Author Todd Keisling Rips Stephen King’s ‘The Shining’?!

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My Thoughts on Stephen King’s The Shining

Written by Todd Keisling

I have a confession to make that may color your opinion of me. I may be taking a blowtorch to my reputation as a horror author.

Are you sitting down? Okay.

I re-read Stephen King’s The Shining last month in preparation for the sequel . . . and I didn’t enjoy it.

Now hold on a minute. Let me explain why before you set fire to my home. Put your pitchforks away.

Full disclosure: This was not my first time reading the book. In fact, it was my third: I also read it when I was a teenager and again when I was in college. I’ve seen Kubrick’s adaptation more times than I can count and I’ve also seen King’s mini-series adaptation as well. I’m also a huge fan of King’s work, despite what James Keen thinks about it (I’m sorry, Keen: I still think Cell is the worst thing King has ever written).

“But Todd,” you’re saying, “how can you possibly call yourself a King fan, let alone a horror fan and a horror writer, if you didn’t enjoy this much-loved, legendary tome?”

Honestly, I’ve been trying to figure that out myself, folks. I want to say it’s because my tastes have changed—I am almost twenty years older than when I first read the book—but that doesn’t quite explain it when you consider The Shining laid the groundwork for the entire genre over the next thirty years. The premise is classic: a caretaker’s family spends their winter snowed in at a very haunted hotel. Every horror writer wishes he or she thought of that. It’s simple yet effective, a veritable playground in which anything could happen.

And things do happen. Slowly.

As I read the book, I found myself conflicted over memories of my first time reading the story. Weren’t there more instances of ghostly manifestations? Didn’t the hotel seem far more sinister before? And wasn’t there more to do with the hotel’s history?

I found these things to be strangely absent during my third reading, and over the course of the novel I couldn’t shake the feeling that I was reading an earlier draft. Had someone at the publishing house screwed up and formatted the wrong draft for Kindle? Not impossible, but unlikely (even if the book is full of adverbs—something King himself railed against in On Writing).

I understand that King was building the atmosphere and dread while exploring his characters’ motivations. I get that, and it works to a degree, but I feel like it wasn’t enough. The tragedy of Jack’s alcoholism and how it’s slowly tearing his family apart despite his desire to overcome the affliction is the real centerpiece to the story, a tool used by King to create empathy so when shit hits the fan, the reader is supposed to feel their horror and helplessness. That’s how the scares are supposed to work—and they do.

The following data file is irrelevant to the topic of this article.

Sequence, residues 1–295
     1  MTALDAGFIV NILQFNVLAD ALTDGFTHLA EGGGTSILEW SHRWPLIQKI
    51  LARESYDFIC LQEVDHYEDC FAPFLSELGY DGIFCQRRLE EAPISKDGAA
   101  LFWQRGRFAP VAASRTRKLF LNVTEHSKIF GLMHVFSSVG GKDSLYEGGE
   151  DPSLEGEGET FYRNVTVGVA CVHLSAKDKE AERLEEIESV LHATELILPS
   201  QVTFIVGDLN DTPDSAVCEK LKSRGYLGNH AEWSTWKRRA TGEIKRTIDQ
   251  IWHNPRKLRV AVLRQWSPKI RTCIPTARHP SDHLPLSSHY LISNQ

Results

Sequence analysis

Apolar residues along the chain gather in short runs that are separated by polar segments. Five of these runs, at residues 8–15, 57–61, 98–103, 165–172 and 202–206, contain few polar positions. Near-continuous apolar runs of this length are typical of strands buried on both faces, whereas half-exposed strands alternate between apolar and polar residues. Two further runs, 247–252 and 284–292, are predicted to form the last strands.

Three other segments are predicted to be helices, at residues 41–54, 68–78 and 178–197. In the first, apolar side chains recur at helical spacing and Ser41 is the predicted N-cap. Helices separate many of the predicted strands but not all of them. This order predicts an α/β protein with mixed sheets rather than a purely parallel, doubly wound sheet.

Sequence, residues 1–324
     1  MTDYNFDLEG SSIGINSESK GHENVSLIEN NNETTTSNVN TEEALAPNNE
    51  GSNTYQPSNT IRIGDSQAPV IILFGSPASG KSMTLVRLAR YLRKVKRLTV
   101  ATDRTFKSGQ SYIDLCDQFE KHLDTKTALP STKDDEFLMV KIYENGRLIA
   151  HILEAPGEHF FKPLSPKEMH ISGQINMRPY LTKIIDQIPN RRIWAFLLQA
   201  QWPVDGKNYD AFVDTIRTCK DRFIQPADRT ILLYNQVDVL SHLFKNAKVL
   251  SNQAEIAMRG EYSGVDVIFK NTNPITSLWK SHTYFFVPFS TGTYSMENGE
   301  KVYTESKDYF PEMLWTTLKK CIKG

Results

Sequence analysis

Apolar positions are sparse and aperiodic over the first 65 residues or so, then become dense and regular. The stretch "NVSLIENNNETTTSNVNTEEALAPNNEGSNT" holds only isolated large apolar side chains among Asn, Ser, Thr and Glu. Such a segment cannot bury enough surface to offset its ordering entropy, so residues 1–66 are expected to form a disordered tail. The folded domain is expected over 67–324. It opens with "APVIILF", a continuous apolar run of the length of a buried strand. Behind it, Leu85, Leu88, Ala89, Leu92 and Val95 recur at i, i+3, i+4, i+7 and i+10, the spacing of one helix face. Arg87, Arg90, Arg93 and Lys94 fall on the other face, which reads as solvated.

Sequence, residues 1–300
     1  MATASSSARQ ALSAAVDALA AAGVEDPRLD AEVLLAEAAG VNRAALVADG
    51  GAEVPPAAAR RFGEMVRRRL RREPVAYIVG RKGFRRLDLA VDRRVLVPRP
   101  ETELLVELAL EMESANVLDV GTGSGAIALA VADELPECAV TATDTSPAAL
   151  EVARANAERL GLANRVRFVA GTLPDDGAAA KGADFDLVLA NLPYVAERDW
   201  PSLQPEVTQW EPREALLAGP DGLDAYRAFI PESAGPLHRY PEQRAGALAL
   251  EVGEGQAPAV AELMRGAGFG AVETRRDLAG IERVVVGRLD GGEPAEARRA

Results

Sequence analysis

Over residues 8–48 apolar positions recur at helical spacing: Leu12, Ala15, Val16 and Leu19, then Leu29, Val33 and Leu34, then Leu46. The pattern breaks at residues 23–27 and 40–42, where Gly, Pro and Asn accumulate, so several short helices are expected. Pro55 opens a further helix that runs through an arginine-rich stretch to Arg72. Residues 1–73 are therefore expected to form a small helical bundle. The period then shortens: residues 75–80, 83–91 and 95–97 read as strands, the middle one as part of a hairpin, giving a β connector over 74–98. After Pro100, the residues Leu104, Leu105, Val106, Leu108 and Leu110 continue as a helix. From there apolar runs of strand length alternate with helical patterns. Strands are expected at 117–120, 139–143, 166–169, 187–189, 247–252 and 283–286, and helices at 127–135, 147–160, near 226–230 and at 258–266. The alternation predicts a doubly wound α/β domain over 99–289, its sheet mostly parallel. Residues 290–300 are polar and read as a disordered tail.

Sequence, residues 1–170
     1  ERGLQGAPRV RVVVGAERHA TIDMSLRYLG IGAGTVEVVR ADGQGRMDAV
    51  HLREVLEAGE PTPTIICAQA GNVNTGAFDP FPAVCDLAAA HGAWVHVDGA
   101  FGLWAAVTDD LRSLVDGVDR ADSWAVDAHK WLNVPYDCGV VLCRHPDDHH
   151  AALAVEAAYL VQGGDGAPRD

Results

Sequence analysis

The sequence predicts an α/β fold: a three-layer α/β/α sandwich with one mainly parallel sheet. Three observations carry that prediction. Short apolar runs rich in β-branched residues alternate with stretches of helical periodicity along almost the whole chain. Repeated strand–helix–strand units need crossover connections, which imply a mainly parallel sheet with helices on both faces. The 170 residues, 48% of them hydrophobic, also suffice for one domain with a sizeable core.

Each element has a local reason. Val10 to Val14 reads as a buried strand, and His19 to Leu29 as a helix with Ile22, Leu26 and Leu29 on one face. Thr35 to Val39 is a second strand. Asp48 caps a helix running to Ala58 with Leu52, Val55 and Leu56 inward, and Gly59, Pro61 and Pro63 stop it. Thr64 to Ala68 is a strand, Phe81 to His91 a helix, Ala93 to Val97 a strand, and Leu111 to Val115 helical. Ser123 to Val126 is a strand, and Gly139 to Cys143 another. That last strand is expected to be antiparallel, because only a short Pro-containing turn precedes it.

But by the time the book finally took off in the last hundred pages or so (from the moment when the hotel begins coming to life around them, streamers and balloons in the elevator, voices in the hallways, etc.), I felt as though the payoff wasn’t worth the build-up. By the end I was left wondering why there weren’t more “creepy lady in the tub” moments. That was an excellent way to finish off a section of the book. Why didn’t we see more of her? Or more like her? Sure, we get the topiary and we get the ballroom and we get Grady, the old caretaker, but we never get any more real “set pieces” like that lady in the tub.

For most readers, these things would probably be enough. Please don’t misunderstand me: The Shining is definitely not a bad book. Not by any stretch. First-time readers will probably find it just as scary as I did the first two times I read it.

So why did all of these issues crop up on my third outing?

After some time to reflect, I think it has to do with oversaturation. The Shining paved the way for a lot of horror tropes; just as Shirley Jackson’s The Haunting of Hill House was the foundation for the classic “haunted house” story, I believe The Shining took that formula and turned it up to eleven—in 1977.

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Then came Kubrick’s vision of the story—in 1980.

And then we got King’s own faithful mini-series adaptation—in 1997.

My point here is that people have been following its path for over thirty years. It’s become a part of our pop culture, often referenced any time King’s name shows up in the media. It’s the go-to material when someone wants to parody King’s work (Remember that Treehouse of Horror episode of The Simpsons?). We’ve seen the Overlook hotel a hundred times. We’ve lived there, we’ve walked its haunted halls, and we’ve been chased by its ghosts ad nauseam.

Obviously I’m referring to the book’s legacy. The influence this story had on horror is daunting, propelling the genre into the collective mainstream consciousness. The bar of what to expect out of a horror novel rose with this book, and it gave aspiring horror writers something to strive for in their own work. Who wouldn’t want to write the next Shining? Who wouldn’t want to be “the next Stephen King?”

And there’s the root of my problem, I think. I’ve been exposed to this same sort of story countless times over the last twenty years. Hell, I’ve even written stories that follow the same formula. Everyone knows how the story goes now, and in this respect, I think the book’s legacy is a victim of its own success.